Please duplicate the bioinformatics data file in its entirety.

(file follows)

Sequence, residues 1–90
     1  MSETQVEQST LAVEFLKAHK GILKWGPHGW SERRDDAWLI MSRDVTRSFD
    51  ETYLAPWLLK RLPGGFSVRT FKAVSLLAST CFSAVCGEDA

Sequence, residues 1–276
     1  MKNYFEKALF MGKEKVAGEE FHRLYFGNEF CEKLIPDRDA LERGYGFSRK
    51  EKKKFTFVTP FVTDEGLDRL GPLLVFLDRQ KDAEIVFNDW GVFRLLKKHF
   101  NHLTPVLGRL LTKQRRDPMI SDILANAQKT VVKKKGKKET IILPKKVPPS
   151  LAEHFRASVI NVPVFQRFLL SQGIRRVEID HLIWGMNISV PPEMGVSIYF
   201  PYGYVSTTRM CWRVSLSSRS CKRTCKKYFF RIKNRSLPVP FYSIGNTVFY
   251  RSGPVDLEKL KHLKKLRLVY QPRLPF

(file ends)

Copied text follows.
Sequence, residues 1–90
     1  MSETQVEQST LAVEFLKAHK GILKWGPHGW SERRDDAWLI MSRDVTRSFD
    51  ETYLAPWLLK RLPGGFSVRT FKAVSLLAST CFSAVCGEDA

Sequence, residues 1–276
     1  MKNYFEKALF MGKEKVAGEE FHRLYFGNEF CEKLIPDRDA LERGYGFSRK
    51  EKKKFTFVTP FVTDEGLDRL GPLLVFLDRQ KDAEIVFNDW GVFRLLKKHF
   101  NHLTPVLGRL LTKQRRDPMI SDILANAQKT VVKKKGKKET IILPKKVPPS
   151  LAEHFRASVI NVPVFQRFLL SQGIRRVEID HLIWGMNISV PPEMGVSIYF
   201  PYGYVSTTRM CWRVSLSSRS CKRTCKKYFF RIKNRSLPVP FYSIGNTVFY
   251  RSGPVDLEKL KHLKKLRLVY QPRLPF